(V. 17) Is it not evident that every symbol displays the Lord in the character of the Judge? This to John, who had known the Lord in His infinite grace and love, was overwhelming. The result is that the disciple who had once sat in the presence of the Lord with his head leaning on Jesus' breast, now "fell at His feet as dead." Nevertheless for one who is "a brother and companion in the tribulation, and kingdom and patience in Jesus" there is nothing to fear. The One who is about to judge lays His hand on the believer, and says, "Fear not." At once the Lord tells us why the believer need have no fear in the presence of the Judge. The glory of His Person and the greatness of His work remove our fear. In His Person He is "the first and the last, the living One." He is the eternally existing One. Nevertheless He became flesh and died, and is risen to live for evermore. For the unbeliever He is the Son of Man to whom all judgment is committed. For the believer He is also the Son of Man who has broken the power of death and the grave.
(V. 19) Having removed all fear from His servant, the Lord indicates the three main divisions of the Revelation.
Firstly, the things which John had seen - the glory of Jesus as He walks in the midst of the seven churches ( Rev. 1 ).
Secondly, "the things which are" - the present church period set forth by seven representative churches ( Rev. 2 and 3).
Thirdly, "the things that are about to be after these" - the events that follow when the church has been taken from the earth to be with Christ in glory ( Rev. 4 to 22).
(V. 20) Before entering upon the second division of the Revelation, the Lord explains the mystery of the seven stars and the seven golden candlesticks. Stars are subordinate heavenly lights, and as a figure would appear to signify those who, by gift or experience, are fitted under the guidance of the Lord to minister heavenly truth to God's people. Further, the stars are said to be the angels of the seven churches. In Scripture we find that the term "angel" is at times used to signify "representation" and does not always necessarily imply an angelic being. In this passage the angel would appear to signify those who were the responsible representatives of the assemblies before Christ. It has been pointed out that we can understand an angel being employed as a means of communication between the Lord and His servant John, but it would be difficult to think that John would be employed by the Lord to write a letter from Christ to a literal angelic being.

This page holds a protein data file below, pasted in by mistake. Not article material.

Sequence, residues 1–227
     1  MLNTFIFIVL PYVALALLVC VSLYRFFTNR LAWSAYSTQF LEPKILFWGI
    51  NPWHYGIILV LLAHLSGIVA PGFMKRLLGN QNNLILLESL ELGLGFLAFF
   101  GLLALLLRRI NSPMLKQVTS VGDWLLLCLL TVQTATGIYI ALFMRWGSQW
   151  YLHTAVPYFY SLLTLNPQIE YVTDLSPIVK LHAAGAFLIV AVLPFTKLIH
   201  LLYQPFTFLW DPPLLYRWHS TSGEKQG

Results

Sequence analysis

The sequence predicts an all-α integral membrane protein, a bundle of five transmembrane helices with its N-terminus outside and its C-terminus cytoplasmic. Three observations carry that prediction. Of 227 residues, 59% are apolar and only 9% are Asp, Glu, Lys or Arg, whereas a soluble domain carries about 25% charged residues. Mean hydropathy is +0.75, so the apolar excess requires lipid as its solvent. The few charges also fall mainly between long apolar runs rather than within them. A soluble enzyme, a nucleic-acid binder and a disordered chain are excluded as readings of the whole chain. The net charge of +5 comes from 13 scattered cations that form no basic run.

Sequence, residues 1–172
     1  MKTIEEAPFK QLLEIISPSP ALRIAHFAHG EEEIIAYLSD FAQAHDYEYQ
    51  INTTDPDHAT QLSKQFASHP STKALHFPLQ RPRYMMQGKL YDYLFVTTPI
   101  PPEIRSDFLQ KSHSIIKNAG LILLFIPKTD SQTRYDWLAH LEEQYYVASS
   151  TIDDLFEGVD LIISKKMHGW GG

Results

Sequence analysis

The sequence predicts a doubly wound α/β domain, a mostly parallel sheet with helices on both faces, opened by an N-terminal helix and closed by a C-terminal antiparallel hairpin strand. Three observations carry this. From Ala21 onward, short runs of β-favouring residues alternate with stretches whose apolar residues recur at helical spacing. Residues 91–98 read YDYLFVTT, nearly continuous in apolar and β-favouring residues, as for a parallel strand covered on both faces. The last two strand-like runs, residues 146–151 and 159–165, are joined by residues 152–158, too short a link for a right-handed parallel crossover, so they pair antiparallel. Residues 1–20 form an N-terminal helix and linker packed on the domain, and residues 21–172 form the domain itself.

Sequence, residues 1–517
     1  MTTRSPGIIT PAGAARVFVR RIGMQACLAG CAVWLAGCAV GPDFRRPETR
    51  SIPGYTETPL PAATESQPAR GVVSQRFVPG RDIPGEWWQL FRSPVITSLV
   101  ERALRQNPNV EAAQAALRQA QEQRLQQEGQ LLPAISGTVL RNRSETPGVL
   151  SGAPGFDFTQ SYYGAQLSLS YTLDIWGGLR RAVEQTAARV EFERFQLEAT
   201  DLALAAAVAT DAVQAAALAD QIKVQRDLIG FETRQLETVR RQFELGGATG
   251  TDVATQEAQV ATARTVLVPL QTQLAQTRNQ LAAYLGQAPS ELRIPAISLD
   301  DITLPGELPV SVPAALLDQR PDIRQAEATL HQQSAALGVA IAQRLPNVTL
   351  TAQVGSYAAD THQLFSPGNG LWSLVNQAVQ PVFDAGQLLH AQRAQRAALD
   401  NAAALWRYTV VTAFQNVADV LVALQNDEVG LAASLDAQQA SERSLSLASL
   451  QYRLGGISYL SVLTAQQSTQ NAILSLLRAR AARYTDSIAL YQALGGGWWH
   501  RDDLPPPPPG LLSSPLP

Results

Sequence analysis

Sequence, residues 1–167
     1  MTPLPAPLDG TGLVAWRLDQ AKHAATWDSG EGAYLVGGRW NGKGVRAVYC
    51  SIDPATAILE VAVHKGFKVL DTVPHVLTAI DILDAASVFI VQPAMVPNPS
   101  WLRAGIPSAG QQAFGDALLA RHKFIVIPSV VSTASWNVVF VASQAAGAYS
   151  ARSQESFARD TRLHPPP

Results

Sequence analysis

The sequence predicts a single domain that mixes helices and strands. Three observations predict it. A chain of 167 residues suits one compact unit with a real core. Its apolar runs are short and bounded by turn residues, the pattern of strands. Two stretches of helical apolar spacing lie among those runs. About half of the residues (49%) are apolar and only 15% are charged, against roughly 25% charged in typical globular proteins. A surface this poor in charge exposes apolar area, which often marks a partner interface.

Finally, we learn that the candlesticks are symbols of the churches in their responsibility to be a light for Christ in the world from which He is absent.
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Smith, Hamilton. "Commentary on Revelation 1". "Hamilton Smith's Writings". https://www.studylight.org/
the Week of Proper 20 / Ordinary 25